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Searching Embase: Introduction

Created by Health Science Librarians

What is Embase?

Embase is a subscription database from Elsevier that provides biomedicine literature.  

subject areas within Embase and their percentages

  • Embase is provided by Elsevier and includes literature in the MEDLINE database from the National Library of Medicine, in addition to almost 3,000 other journals and over 11,500 conferences.
  • It contains journal articles, conference papers and abstracts and reports in biomedicine dating back to 1947.  
  • Embase has advanced indexing of drug literature to enable detailed searches on any drug study question or aspect of drug information.  
  • Embase is indexed using Emtree subject headings, similar to the Medical Subject Headings (MeSH) terms in PubMed to help you find all the relevant articles on a topic.

Learn more about Embase 

                the Embase home page

When to search Embase

For drug/pharmacy topics and medical devices:

Embase has strong coverage of pharmacy, pharmaceutical, and pharmacological research.  The subject headings system in Embase (Emtree) not only includes the generic names for drugs and chemicals, but also their trade names and laboratory/research codes, and thousands of terms for  medical devices. As of 2021, there are 86,000 preferred terms in Emtree with almost 400,000 synonyms and 66 drug subheadings. 

For conference literature:

Embase includes abstracts and papers from biomedical, drug and medical device conferences back to 2009. As of 2021, Embase includes over 3.6 million conference abstracts from 11,500 conferences.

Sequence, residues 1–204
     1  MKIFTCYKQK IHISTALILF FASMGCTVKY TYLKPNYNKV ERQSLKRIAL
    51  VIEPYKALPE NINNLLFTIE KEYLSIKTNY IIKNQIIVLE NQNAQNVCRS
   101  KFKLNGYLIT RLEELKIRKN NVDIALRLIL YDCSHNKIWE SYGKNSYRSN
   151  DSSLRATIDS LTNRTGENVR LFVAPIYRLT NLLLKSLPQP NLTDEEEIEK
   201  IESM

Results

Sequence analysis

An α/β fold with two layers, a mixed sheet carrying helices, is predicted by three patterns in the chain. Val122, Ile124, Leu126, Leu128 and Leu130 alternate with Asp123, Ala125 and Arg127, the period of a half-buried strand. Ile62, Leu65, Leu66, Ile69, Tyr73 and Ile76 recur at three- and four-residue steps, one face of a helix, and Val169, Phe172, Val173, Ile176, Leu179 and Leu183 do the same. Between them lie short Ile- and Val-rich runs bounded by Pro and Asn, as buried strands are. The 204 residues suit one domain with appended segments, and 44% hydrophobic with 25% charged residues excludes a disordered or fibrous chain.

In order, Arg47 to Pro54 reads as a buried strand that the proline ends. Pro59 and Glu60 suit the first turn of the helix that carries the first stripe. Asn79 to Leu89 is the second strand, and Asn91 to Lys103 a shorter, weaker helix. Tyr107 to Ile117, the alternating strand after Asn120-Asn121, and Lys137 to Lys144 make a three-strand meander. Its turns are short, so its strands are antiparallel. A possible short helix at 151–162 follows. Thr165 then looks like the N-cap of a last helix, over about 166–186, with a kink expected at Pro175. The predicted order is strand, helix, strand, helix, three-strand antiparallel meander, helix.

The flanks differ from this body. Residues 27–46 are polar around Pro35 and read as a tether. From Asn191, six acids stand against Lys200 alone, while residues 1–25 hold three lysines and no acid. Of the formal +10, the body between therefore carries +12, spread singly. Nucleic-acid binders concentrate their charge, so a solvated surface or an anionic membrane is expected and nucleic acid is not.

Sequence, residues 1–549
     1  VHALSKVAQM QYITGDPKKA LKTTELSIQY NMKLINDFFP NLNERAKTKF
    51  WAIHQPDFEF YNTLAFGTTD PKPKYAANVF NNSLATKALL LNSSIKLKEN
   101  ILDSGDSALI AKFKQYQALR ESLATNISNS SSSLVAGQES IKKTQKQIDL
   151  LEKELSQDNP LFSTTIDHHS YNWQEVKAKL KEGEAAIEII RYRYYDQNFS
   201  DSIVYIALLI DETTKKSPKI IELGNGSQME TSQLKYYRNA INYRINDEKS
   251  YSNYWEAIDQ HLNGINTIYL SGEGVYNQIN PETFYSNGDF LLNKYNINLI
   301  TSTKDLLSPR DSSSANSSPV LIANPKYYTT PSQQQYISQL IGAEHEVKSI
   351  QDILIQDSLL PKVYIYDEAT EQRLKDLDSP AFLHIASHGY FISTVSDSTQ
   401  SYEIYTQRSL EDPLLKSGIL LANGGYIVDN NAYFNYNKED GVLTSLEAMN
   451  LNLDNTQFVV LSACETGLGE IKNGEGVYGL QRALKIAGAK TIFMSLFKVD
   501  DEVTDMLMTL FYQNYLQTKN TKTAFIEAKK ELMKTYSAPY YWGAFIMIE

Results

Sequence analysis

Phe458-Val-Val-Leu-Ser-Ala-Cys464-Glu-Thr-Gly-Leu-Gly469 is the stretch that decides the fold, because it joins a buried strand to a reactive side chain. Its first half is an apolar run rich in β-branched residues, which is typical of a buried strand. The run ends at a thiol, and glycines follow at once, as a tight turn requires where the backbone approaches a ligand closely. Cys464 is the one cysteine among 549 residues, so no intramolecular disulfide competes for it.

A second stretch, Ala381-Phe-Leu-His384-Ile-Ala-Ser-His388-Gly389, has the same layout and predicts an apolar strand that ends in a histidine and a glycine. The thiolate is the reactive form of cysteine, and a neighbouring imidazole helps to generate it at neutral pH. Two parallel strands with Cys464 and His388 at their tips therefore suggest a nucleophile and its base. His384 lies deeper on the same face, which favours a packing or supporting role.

When conducting comprehensive literature searches or systematic reviews:

Use Embase alongside PubMed for in-depth, literature-based research on biomedical topics. Embase is an ideal complement to PubMed for literature searches of more than one database. There are almost 3,000 journals that are unique to Embase and the detailed indexing of citation records means even papers also in other databases may be easier to find in Embase. 

To quickly answer interventional questions: 

The Embase PICO search makes it easier to quickly find the most relevant studies that match your question's Patient Population, Intervention, any Comparison Intervention, and Outcomes. This search tool will help you identify the best search terms and synonyms for each PICO element and create a detailed search strategy to find the primary and secondary literature. 

How to Access Embase

There is a link to Embase on the Health Sciences Library's home page.   (

Select Embase on this page, or on other UNC Libraries pages. Because Embase is a subscription resource, you will need to access it via the UNC Libraries' link.  

HSL homepage with Embase link highlighted


All articles in Embase will have a Find @ UNC button to connect you to the full-text PDF. When the article is not available online in the UNC Libraries collections, the Find @ UNC button links to a page with options to look for a print copy in the library catalog or to request the article via Interlibrary Loan.     

Find @ UNC button


Create an Elsevier Account

As of June 2021, you must have an Elsevier account to bulk export citations/search results from Embase. If you are signed in to your free Elsevier account the option to export citations will be available after you run any search. if you are not signed in or do not have an account, the option will not be available to export citation data. 

To create an Elsevier account, click on the "Sign in" button in the top left corner of the window. 

The Embase "Sign in" button is in the top left corner of the page

In the next window, type in your preferred email address (this does not have to be your UNC email address) and click "Continue." 

Enter your email address to create an account and click "Continue"

Next, fill out the form with your First Name (i.e., "Given Name") and Last Name (i.e., "Family Name") and a password with the required security criteria. Click on the "Register" button when you have finished filling out the form. You will be redirected to Embase and automatically signed in to your new Elsevier account. 

Input the necessary information and click "Register" at the bottom of the box

If you ever get signed out of your Elsevier account while using Embase, you can click on the "Sign in" button to log in again.